RST.11.3

Follow precisely a complex multistep procedure when carrying out experiments, taking measurements, or performing technical tasks; analyze the specific results based on explanations in the text.

RST.11.4

Determine the meaning of symbols, key terms, and other domain-specific words and phrases as they are used in a specific scientific or technical context relevant to grades 1112 texts and topics.

RST.11.5

Analyze how the text structures information or ideas into categories or hierarchies, demonstrating understanding of the information or ideas.

RST.11.6

Analyze the authors purpose in providing an explanation, describing a procedure, or discussing an experiment in a text, identifying important issues that remain unresolved.

RST.11.7

Integrate and evaluate multiple sources of information presented in diverse formats and media (e.g., quantitative data, video, multimedia) in order to address a question or solve a problem.

RST.11.8

Evaluate the hypotheses, data, analysis, and conclusions in a science or technical text, verifying the data when possible and corroborating or challenging conclusions with other sources of information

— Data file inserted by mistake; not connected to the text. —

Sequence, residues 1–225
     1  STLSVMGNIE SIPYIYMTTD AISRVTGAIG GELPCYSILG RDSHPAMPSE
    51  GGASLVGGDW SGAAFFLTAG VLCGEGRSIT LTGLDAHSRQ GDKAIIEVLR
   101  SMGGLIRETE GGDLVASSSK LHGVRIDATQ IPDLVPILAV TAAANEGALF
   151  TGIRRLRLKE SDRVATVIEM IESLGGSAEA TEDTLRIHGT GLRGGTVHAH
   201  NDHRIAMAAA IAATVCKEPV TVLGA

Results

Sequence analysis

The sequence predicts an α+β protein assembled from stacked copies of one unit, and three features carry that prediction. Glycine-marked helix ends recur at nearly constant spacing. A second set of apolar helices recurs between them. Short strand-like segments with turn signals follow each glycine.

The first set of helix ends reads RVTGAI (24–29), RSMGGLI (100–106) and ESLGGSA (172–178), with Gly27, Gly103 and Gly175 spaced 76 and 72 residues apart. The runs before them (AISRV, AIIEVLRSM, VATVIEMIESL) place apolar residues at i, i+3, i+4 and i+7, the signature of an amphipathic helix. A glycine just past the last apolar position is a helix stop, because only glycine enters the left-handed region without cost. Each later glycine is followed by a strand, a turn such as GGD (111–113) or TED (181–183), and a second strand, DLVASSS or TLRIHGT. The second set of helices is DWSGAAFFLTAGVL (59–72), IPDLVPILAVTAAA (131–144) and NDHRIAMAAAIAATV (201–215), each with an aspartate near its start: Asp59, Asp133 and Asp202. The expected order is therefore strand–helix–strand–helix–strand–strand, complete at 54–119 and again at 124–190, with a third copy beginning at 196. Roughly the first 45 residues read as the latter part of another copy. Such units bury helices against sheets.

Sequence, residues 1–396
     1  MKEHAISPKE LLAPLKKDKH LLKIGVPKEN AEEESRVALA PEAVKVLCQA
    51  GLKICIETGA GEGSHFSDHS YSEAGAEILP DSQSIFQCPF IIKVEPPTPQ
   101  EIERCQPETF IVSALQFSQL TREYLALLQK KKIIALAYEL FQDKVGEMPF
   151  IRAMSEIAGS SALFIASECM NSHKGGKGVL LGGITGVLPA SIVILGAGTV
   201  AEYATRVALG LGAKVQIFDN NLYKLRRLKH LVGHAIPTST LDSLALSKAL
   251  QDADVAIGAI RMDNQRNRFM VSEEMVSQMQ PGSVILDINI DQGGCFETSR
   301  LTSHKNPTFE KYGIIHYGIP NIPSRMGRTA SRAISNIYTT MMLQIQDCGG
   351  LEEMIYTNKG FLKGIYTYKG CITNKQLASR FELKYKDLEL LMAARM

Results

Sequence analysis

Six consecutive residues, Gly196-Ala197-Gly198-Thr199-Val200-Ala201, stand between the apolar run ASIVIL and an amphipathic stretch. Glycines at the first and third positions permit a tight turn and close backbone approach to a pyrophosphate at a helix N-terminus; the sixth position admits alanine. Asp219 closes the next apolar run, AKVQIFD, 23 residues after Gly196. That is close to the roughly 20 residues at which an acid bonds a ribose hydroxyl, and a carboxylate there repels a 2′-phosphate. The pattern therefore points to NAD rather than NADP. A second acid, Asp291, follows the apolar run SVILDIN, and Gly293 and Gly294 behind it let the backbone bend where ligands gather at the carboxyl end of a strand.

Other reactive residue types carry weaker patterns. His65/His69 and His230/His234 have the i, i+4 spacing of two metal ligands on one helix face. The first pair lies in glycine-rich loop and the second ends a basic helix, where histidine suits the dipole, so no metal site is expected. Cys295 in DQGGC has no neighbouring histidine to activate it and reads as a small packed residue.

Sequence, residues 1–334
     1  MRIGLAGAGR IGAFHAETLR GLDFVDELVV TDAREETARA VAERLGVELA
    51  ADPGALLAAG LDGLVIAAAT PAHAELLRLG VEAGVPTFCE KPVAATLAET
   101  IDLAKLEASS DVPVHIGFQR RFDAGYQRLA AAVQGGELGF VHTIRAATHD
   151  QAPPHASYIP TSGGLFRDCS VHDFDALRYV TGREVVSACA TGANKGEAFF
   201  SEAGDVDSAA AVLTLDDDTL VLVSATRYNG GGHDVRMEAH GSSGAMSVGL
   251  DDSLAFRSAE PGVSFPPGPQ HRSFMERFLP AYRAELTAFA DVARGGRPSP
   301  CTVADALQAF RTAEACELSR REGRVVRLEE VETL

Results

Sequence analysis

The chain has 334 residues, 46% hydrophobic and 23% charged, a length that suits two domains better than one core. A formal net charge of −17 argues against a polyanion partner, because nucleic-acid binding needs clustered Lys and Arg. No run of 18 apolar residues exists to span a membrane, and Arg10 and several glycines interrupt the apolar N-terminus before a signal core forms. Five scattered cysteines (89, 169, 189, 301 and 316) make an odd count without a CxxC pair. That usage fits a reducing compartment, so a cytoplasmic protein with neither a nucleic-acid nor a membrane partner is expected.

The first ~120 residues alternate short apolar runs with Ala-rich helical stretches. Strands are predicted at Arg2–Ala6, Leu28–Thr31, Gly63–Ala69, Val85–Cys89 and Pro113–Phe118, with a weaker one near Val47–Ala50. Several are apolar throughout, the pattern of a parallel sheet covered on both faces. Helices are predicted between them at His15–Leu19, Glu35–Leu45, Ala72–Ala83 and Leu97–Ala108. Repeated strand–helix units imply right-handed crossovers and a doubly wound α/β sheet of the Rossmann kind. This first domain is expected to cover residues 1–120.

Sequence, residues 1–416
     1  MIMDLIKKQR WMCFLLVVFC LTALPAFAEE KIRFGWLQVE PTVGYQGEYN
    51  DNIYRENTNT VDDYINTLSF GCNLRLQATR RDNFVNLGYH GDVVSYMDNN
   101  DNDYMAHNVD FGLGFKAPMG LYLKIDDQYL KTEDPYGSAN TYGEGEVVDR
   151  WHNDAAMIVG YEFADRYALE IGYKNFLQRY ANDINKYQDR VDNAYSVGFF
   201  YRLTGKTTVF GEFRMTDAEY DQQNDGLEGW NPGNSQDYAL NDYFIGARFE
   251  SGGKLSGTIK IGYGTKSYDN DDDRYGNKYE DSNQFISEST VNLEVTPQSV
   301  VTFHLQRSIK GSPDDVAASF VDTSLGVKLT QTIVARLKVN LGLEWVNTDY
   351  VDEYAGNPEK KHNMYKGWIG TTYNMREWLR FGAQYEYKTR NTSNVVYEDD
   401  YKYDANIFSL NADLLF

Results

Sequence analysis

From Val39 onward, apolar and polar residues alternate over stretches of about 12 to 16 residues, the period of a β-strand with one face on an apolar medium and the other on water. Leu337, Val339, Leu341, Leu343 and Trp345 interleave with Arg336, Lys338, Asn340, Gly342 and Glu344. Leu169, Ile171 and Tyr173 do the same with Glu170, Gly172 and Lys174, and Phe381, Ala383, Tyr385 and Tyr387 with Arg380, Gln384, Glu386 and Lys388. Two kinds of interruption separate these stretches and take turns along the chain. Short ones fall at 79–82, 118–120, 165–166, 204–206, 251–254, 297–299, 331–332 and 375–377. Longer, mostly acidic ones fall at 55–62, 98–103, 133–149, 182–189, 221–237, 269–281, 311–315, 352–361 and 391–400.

RST.11.9

Synthesize information from a range of sources (e.g., texts, experiments, simulations) into a coherent understanding of a process, phenomenon, or concept, resolving conflicting information when possible.

SL.11.1

Initiate and participate effectively in a range of collaborative discussions (one-on-one, in groups, and teacher-led) with diverse partners on grades 1112 topics, texts, and issues, building on others ideas and expressing their own clearly and persuasively.

SL.11.1.a

Come to discussions prepared, having read and researched material under study; explicitly draw on that preparation by referring to evidence from texts and other research on the topic or issue to stimulate a thoughtful, well-reasoned exchange of ideas.

SL.11.1.b

Work with peers to promote civil, democratic discussions and decision-making, set clear goals and deadlines, and establish individual roles as needed.